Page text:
Many examples highlight the unreflective practice continuing in today’s youth services. And after “setting the stage” (as it were) in my keynote address I called attention to several such practices in my second presentation, “Ask Not What Your Young Adult Volunteers Can Do for Libraries, But What Libraries Can Do for Young Adult Volunteers.” In this presentation I demonstrated that many libraries are not evidence-based, systematic, or creative in exploiting the service potential of the YA volunteer experience. Instead many remain committed year after year to unsupported or unsupportable claims about such things as Summer Reading Programs, ritual commitments to narrowly defining “outreach” efforts (and only with schools), as well as to privileging materials and such things as book prizes over the development of a comprehensive and professionally-developed service profile.

The audience found the presentation on YA volunteering most intriguing. That topic occupied a reported 60% of all of the Q&A time. If you would like to read the research from which that presentation was drawn see: Bernier, A. (Summer 2009). Young adult volunteering in public libraries: Managerial implications. Library Leadership and Management 23 no. 3, pp. 95-112.

This annual NLCY event is impressive for many reasons. There is, of course, the on-going and economical attempt to continually develop the skills and services of their youth librarians. Korea has only a fraction of the capacity of libraries in the United States and yet they maintain a strong commitment to exposing their staff to new ideas, practices, and concepts.

But what struck several of us in the visiting party was the international scope and nature of this conference. I am hard pressed to name a single library or LIS institution in the United States that actively scans the world for new research, presenters, or publications and then invites the sharing and dissemination of these insights with staff.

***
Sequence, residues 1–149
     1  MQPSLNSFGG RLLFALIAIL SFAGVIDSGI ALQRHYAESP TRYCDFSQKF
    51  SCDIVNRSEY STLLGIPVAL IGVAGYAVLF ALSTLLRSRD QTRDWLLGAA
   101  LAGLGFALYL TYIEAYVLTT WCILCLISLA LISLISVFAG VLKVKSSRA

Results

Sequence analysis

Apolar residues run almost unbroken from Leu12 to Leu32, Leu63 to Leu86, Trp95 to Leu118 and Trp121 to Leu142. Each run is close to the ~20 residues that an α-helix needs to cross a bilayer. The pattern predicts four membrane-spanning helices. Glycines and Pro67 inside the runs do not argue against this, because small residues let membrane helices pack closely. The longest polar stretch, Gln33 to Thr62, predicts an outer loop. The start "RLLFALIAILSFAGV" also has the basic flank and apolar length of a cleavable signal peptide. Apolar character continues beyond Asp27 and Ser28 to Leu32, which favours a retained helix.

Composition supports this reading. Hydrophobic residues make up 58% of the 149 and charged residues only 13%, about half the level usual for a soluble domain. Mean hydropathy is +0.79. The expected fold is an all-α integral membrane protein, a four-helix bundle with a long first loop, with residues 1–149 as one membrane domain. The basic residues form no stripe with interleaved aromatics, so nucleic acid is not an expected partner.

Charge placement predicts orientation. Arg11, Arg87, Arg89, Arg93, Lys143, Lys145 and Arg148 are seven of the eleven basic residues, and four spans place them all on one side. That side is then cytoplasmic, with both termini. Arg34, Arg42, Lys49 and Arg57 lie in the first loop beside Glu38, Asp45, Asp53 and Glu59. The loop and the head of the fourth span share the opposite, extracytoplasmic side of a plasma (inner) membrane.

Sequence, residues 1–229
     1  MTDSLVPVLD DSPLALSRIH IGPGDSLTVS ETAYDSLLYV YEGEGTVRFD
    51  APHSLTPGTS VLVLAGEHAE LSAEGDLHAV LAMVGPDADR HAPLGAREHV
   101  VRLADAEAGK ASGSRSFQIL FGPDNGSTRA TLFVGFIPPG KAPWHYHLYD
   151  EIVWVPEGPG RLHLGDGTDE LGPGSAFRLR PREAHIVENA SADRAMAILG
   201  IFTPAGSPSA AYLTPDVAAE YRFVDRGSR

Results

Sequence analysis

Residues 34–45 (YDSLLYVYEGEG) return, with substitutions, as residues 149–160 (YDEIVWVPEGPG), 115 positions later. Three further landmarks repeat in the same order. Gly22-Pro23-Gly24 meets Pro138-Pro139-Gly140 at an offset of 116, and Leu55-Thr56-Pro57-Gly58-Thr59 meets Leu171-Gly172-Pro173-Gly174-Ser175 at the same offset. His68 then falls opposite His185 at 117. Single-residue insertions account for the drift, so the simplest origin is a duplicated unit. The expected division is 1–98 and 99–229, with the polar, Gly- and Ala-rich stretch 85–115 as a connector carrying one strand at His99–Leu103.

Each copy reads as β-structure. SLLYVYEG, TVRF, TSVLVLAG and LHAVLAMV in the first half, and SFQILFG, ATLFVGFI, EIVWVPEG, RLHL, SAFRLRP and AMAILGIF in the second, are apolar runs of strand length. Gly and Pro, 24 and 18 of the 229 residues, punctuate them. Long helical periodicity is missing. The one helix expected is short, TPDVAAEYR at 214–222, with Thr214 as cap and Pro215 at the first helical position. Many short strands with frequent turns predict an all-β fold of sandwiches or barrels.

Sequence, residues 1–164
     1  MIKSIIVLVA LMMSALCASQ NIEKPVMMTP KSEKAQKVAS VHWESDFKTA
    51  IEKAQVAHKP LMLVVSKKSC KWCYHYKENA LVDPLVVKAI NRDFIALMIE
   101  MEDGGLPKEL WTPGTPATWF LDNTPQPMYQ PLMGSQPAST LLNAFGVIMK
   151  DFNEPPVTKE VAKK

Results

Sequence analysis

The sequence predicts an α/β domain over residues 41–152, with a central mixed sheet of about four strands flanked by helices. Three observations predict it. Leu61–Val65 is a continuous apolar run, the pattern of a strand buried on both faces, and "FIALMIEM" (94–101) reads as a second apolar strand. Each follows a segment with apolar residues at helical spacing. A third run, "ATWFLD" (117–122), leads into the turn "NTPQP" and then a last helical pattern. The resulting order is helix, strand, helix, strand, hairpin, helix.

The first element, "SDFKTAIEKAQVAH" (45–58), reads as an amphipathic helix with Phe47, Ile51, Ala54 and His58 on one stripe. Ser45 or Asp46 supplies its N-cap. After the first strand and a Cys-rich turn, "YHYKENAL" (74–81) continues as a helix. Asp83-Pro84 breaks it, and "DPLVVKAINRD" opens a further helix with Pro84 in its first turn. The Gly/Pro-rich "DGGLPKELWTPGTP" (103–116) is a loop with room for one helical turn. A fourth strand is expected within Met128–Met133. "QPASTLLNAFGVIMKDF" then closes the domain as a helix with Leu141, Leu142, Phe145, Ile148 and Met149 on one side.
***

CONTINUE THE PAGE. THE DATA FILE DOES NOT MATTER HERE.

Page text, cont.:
When was the last time you scanned an Asian LIS publication announcement (in any language) and pursued interest in it? When was the last time your search for new materials included authors, scholars, and research in French, Russian, Chinese, or even English materials from other countries? Do you know a national-level library, in the United States, that has sponsored and hosted people working in LIS (to say nothing of youth services) on a visit to share their work with us?

Of course, SLIS is doing more than its share in annually sponsoring our free 2-day Worldwide Library 2.0 conference leveraging the School’s online conferencing resources. This innovative effort brings together scholars, practitioners, and students in both real-time as well as recorded sessions to address a wide variety of topics and issues.

As SLIS continues to embrace an international student body, an increasingly international faculty, openly invites others interested in LIS, and offer an international Ph.D. experience (Gateway) it is clear that we are thinking more deeply about envisioning our work on par with the impressive Korean vision of LIS and librarianship.